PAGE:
Sa’ada landmines kill more than 8 women and children [Archives:2008/1146/Local News]

April 14 2008

Mohammed Bin Sallam
SA'ADA, April 13 ) Landmines planted by the Yemeni army in Haidan district have killed more than eight people, all women and children, plus numerous cows, sheep and other cattle, over the past five months, Houthi sources say, adding that army personnel planted mines on citizens' roadways and farmlands.

Forty-year-old Olwa Ghabish Al-Aboud was the most recent victim of landmines planted by the army in Mirran area. Last Monday, Al-Aboud was hit by a mine that severed her right leg and injured various other parts of her body. She was taken to a nearby hospital in critical condition.

Yemen is one of the countries having ratified international conventions banning and removing anti-personnel mines, but its army planted thousands of them during its fourth Sa'ada War against Houthi loyalists throughout 2007. reports that it has obtained anti-personnel mine maps revealing the more than 25,000 anti-personnel mines still threatening citizens in Mirran and other areas of Sa'ada governorate.

According to the web site, on Saturday, Oct. 6, 2007, an anti-personnel mine hit 35-year-old Olwa Ahmad Shala'a of Al-Sharqabi village in Mirran, severing one of her legs and leaving her incapacitated.

Likewise, 15-year-old Modera Mohammed Muqbil was hit by a landmine Aug. 17, 2007 while grazing cows in the Mirran area. Her hand was amputated.

The web site adds that the wife of Mohammed Shandaq from Sa'ada's Dhiraa Arman area lost her leg after being hit by a mine while gathering firewood in the area.

On Feb. 16 of this year, 15 days after the Yemeni government and Houthis signed a Doha-brokered peace deal, an anti-personnel mine exploded in Haidan district's Sasa village, injuring the wife of Hussein Ali Al-Abras and leaving her incapacitated. The victim lost one of her legs.

Four days later, 12-year-old Ahmad Qasim Dawan from the same district lost his hand after being hit by a mine while on his way home from school.

Additionally, 14-year-old Amran Mohammed Saleh Dallah from Mirran area was killed instantly after being hit by an anti-personnel mine while returning home from school. His body was torn apart.

Numerous cows and sheep also reportedly have been killed by landmines planted by the army on a road connecting Bajzar village to Juma'a Bin Fadhil area.

Houthis accuse government of hindering reconciliation efforts

Army commanders are creating obstacles to efforts aimed at achieving reconciliation between the Yemeni government and Houthi supporters and implementing a ceasefire agreement both sides signed in Doha on Feb. 1 of this year, Houthi representative Sheikh Saleh Habra told the Yemen Times by phone.

“Such army officials are dishonest and uncredible. They want the mediation efforts to go beyond Qatar, while we want such pressing issues to be resolved immediately. We don't need more mediators to intervene in this situation,” he commented, adding that government troops have struck strategic Houthi positions over the past days, but for the time being, the situation remains relatively calm.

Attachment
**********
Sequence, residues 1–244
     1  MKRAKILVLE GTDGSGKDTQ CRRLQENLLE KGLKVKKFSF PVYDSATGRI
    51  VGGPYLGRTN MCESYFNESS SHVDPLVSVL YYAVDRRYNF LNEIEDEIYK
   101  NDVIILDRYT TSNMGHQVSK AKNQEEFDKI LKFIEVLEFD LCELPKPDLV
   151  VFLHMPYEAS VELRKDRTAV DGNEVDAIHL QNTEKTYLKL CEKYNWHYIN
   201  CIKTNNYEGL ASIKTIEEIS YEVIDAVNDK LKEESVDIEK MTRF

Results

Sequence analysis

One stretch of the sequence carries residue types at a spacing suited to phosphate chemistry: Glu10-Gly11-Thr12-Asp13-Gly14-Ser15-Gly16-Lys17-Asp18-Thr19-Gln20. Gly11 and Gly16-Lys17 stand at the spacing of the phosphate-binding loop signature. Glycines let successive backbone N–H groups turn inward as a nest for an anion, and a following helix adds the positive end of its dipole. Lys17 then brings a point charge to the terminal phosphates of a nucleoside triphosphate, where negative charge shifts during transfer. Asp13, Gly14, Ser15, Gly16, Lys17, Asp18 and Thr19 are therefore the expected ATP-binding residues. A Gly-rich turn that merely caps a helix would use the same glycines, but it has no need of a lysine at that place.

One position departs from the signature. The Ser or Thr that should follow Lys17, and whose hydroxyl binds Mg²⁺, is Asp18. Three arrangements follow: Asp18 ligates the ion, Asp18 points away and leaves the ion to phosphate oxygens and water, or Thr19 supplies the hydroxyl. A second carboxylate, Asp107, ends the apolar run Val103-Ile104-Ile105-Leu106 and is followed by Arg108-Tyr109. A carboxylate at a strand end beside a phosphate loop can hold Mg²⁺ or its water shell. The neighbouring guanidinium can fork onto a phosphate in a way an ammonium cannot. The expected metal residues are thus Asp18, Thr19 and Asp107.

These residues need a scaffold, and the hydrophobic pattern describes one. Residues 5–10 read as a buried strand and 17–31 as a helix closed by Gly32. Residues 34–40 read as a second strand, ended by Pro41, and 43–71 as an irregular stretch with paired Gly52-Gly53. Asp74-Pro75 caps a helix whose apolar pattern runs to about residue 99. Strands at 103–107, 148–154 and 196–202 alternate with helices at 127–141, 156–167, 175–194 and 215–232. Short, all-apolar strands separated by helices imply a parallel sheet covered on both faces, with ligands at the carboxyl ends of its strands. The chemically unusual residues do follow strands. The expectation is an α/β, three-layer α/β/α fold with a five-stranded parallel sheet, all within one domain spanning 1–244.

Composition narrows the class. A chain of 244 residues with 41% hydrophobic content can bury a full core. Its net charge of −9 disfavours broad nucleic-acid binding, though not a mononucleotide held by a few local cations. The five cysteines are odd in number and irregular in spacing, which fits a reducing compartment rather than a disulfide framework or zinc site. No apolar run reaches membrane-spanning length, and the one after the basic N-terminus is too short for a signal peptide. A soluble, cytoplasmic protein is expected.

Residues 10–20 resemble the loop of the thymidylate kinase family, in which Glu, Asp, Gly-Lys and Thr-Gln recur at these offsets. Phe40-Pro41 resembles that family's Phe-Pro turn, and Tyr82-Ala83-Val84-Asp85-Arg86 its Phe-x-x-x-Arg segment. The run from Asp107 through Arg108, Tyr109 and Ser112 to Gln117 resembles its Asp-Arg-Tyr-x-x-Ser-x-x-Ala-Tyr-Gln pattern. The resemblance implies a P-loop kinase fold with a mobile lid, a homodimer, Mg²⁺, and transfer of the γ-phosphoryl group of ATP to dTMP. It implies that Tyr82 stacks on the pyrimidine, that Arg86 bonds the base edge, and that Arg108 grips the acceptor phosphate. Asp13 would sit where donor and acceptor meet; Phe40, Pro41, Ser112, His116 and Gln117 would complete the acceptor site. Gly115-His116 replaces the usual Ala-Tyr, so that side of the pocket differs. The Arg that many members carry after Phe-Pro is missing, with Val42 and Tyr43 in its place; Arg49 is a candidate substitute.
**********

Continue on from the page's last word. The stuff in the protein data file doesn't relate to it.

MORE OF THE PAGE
According to Habra, the head of the Qatari mediation team flew home while other team members are remaining in Sana'a.

As no official or neutral party has explained why the Qatari mediation team left Sa'ada, Habra pointed out that he's still optimistic about reconciliation between both sides. However, he has learned that senior government officials, including Sa'ada's governor, chief the governorate's security department and the chairman of the political security organization, are creating obstacles to efforts to implement the ceasefire agreement.

Local observers fear that the Qatari mediation team no longer is optimistic about ending the crisis, particularly as Yemeni authorities aren't giving top priority to resolving the situation. They hold the view that the departure of the head of the Qatari mediation team signals an end to reconciliation efforts so far expended by the Qatari government, which succeeded in lifting a siege on Sheikh Shayea Bukhtan's followers, who support the Yemeni government, in Al-Salem area.

Fact-finding committees the government has sent to the restive governorate have pressed Houthis to lift their lockdown of tribesmen, backing the government in its fight with Houthi supporters, and visited five pro-government tribesmen detained at Qahza Jail. The men have been confined in isolated cells for more than a month after being harshly beaten and tortured by government.

Yemeni government sources admit that there are numerous obstacles to efforts to implementing the ceasefire agreement and ceasing bloodshed in the war-torn governorate. The government has accused members of the Faithful Youth Organization founded by Hussein Badraddin Al-Houthi, whom the Yemeni army killed in September 2004, of breaching the ceasefire agreement and thereby hindering reconciliation efforts by the mediation teams.

According to the same government sources, the mediation committee mandated by President Ali Abdullah Saleh to oversee how the two sides are abiding by the Doha-brokered agreement met Saturday, but the Qatari mediation team didn't attend.

The meeting discussed possible mechanisms to execute the agreement's various terms, whereas the following days, according to the mediation committee, will be devoted to overseeing how committed the Yemeni army and Houthis are to the agreement.